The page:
Domme is an almost perfect bastide: a walled village sitting on a hillside.
(credits: by Luc Viatour, August 30, 2012)
The Bastides: the birth of French Democracy
Between 1220 and 1372 about 700 bastides, also referred to as new towns, were built to colonize the wild and fertile lands of Southwest France. They grew as small, self-sufficient hamlets which eventually had to become fortified for protection. The following picture is the oldest and simplest that we saw: bastide Couvertoirade.
Compare that one to a more successful bastide of Eymet.
These bastides enabled the rulers and those wealthy enough to own land to centrally locate their population, protect them, and to make money by raising taxes on their production. BUT, most importantly, it converted the serfs into freemen! Hence the birth of Democracy in France from the 13th century.
As the bastides grew in popularity and goods, they needed stronger walls and banding together inside them. Many were built on minimally established sites or on trading routes and were open to passersby and local farmers.
They were planned to put some order into society….and did just that.
The bastides all had a central square lined with arcades that acted as a commercial hub and market. As you can see in the first picture, the arcades were rough hewn, but, for the 12th and 13th century, they were magnificent. The buildings themselves were 2 rooms deep: the first room the store, the second living quarters and the arcade for the display of wares.
This is the square in Villereal. Since churches were not allowed on the square but were to be, in addition to the religious center, the Keep and fall-back in case of a serious attack. The façade is built as a fortress topped with large open areas where weapons and hot oil could be dispersed. Standing in front we could see the stanchion openings where the chains would either raise or lower the ramp to cover the moat….now filled with stones.
Although Villereal started in the 12th century, it must have done very well to support the family that built this castle in the 15th century.
Although noting the solid wall around the castle, the marauding continued. Before we began this journey, we decided to locate near Bergerac, both for the wineries and the bastides. The beautiful Chateau Des Vigiers in Monestier, France was our residence for 5 days.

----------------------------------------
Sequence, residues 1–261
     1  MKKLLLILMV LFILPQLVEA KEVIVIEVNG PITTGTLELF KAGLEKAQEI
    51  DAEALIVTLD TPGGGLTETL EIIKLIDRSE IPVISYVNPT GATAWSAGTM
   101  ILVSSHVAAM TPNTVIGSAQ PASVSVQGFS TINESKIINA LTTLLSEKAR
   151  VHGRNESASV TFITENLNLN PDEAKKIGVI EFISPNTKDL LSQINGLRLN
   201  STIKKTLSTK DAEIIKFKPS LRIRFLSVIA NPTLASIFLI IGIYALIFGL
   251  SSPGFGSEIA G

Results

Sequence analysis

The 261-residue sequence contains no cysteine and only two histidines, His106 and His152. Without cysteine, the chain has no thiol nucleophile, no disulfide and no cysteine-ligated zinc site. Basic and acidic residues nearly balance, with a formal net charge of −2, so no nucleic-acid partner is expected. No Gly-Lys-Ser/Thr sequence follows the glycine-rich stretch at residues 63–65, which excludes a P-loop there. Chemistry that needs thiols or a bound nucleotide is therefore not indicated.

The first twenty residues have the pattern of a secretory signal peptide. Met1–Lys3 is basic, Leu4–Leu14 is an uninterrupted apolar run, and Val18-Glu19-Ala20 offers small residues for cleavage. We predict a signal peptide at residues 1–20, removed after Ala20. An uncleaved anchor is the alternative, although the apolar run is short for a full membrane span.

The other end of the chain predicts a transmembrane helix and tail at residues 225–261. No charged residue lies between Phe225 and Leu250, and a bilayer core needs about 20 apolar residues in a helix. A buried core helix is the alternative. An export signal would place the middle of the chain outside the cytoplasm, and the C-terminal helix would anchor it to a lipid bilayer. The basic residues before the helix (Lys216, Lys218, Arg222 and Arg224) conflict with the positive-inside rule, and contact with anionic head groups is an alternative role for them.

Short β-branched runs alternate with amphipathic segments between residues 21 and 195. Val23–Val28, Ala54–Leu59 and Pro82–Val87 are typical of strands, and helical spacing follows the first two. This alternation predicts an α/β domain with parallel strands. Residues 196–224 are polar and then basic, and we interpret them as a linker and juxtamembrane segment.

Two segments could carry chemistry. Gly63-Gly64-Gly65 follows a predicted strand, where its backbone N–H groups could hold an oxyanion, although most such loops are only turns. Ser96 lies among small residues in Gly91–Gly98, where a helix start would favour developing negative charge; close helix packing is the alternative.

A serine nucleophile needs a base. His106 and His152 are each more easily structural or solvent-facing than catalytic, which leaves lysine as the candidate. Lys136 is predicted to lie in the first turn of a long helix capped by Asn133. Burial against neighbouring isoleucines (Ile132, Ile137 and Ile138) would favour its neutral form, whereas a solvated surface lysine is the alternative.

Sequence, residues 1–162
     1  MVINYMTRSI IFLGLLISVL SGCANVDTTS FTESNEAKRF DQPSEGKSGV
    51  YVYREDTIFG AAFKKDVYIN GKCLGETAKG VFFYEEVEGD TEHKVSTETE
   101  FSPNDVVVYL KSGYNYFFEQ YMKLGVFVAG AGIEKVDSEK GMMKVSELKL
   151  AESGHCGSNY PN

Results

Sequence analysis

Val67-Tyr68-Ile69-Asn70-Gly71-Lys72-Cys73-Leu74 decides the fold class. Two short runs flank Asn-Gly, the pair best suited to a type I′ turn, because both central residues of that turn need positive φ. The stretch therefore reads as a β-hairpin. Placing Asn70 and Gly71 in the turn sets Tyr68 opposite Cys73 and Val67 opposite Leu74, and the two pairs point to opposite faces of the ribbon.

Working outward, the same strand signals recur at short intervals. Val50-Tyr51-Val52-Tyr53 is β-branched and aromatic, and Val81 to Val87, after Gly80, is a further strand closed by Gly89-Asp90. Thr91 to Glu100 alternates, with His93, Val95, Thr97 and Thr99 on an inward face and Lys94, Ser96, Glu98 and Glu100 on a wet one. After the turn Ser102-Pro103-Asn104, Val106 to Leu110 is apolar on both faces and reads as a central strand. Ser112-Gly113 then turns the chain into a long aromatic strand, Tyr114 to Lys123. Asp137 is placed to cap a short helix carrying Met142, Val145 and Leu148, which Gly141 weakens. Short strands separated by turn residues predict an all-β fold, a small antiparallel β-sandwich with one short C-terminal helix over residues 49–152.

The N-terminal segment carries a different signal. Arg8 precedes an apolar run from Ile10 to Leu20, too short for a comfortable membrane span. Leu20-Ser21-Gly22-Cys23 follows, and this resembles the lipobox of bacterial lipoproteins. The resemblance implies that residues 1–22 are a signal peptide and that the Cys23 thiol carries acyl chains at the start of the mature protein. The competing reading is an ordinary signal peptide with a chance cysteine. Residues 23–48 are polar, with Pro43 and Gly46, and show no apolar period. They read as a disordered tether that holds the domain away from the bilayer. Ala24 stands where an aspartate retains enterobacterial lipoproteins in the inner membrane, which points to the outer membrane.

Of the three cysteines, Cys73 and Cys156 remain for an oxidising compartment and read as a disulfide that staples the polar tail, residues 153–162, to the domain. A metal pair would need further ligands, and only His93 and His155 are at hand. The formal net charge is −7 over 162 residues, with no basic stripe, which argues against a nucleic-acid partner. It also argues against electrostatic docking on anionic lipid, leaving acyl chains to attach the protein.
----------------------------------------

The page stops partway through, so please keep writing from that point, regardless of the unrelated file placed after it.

The ideal situation: the Chateau has 2 restaurants, 2 bars and is located on A hill-top with woods and a golf course. Busy days and lovely evenings.
The next morning we drove to Montpazier.
Notice how much bigger and more elaborate the following site is. Reason: in the 12th century the King of England married Eleanor of Aquitaine. And they established this village….in spite of the problems between the French and English. This next picture shows more of the royal grandeur in the elegant town-houses.
Notice some of the 2nd floor windows. We had lunch straight across the plaza under an umbrella and watched mini-vans plus horse drawn carts bring produce and wine.
On our way back we stopped at this formal bastide, fully self-contained. The Chateau was built in the 16th century and owned by the same family for over 600 years. The Chateau had a deep moat surrounding it. We also found a trap door for emergency escape in the basement….swimming out through the moat would be fine…except for the alligators.
One look at those lush vineyards reveals the success of this estate. We made sure of it by sampling in the tasting room. We stopped at the Lalinde bastide that was located right on the Dordogne River on our way to the hotel.
It was well protected by the strong currents. The water levels could vary by as much as 50 feet and it was very swift at any level. We headed back to our Chateau to celebrate with a marvelous dinner and a clink of glasses for this wonderful discovery of the Bastides!
As Johnny Carson would say, “I did not know this.” Any of it! I had heard the word bastide but never bothered to look up the meaning. Very interesting to learn about the history and see the photos.
Beautiful! I want to live at the Chateau Des Vigiers!
This takes me back! Thankyou and hope you’re still travelling! Therese